The Mexican wolf is the rarest subspecies of gray wolf in North America. Once common throughout portions of the southwestern United States,
the Mexican wolf was all but eliminated from the wild by the 1970s. In 1977, the U.S. Fish and Wildlife Service initiated efforts to conserve
the species. In 1998, Mexican wolves were released to the wild for the first time in the Blue Range Wolf Recovery Area. Missing from the
landscape for more than 30 years, the howl of the Mexican wolf can once again be heard in the mountains of the southwestern United States.
Photo Courtesy of the U.S. Fish and Wildlife Service
The Coronado Pack self-released out of the McKenna Park soft mesh pen several days after being placed in the pen by Wolf Project personnel.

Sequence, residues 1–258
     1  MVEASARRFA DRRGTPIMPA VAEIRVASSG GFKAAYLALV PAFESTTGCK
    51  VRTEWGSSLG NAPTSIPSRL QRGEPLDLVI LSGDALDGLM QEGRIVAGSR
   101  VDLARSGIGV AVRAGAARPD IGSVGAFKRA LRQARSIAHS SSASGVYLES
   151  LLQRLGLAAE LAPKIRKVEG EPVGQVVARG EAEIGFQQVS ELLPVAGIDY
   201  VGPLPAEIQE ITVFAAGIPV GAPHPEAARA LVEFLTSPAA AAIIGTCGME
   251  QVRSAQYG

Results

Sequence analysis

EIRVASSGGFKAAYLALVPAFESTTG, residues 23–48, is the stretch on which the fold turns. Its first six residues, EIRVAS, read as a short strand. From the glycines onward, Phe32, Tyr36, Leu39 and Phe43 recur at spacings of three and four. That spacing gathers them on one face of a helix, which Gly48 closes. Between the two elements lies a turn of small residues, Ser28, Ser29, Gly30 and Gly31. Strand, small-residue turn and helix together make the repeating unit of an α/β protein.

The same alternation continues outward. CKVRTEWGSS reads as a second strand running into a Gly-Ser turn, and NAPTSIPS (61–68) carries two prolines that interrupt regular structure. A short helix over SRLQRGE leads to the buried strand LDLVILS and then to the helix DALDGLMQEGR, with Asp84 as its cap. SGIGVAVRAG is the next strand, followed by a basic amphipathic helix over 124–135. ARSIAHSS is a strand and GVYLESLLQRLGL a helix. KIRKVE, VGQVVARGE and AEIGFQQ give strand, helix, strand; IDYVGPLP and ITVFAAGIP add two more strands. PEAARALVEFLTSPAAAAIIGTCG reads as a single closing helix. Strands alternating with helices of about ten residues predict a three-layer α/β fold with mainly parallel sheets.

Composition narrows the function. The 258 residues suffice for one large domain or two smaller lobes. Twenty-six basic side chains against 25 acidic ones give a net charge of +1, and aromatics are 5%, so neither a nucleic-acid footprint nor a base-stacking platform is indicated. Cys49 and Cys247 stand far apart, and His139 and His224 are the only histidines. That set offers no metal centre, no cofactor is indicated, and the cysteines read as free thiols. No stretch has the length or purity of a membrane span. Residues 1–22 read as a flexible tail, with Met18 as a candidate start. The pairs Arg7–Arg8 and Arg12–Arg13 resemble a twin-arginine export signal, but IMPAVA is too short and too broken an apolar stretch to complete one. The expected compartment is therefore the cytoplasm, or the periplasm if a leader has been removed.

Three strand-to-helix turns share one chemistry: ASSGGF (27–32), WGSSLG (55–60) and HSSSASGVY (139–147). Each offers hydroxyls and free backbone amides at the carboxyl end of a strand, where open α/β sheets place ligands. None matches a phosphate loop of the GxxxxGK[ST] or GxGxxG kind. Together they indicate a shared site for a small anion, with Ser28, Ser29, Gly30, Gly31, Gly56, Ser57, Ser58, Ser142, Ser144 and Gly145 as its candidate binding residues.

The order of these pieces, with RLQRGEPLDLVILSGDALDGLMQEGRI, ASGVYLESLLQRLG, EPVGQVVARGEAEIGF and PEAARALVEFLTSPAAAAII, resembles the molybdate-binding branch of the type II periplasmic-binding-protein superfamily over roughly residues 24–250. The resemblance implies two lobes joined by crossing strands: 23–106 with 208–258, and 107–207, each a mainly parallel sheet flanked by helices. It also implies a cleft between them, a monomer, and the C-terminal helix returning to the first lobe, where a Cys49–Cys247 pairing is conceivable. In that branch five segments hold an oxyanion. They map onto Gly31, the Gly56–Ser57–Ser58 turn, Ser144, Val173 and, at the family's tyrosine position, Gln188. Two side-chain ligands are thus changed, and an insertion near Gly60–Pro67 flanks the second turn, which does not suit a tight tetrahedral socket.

In the photo the alpha female 1126 remains in the pen while the alpha male 1051 and several pups are outside the pen. All the members of the
pack have since left the pen site and have been consistently located together in the Gila Wilderness. Wolf Project personnel have remained in
the wilderness monitoring the pack closely, following the translocation. The Coronado pack is being provided a supplemental food cache to
assist with their transition to the wild. For additional information regarding the status of the Coronado pack please visit Recent Wolf
Locations and BRWRA Monthly Updates (located on the Wolves in the Wild webpage).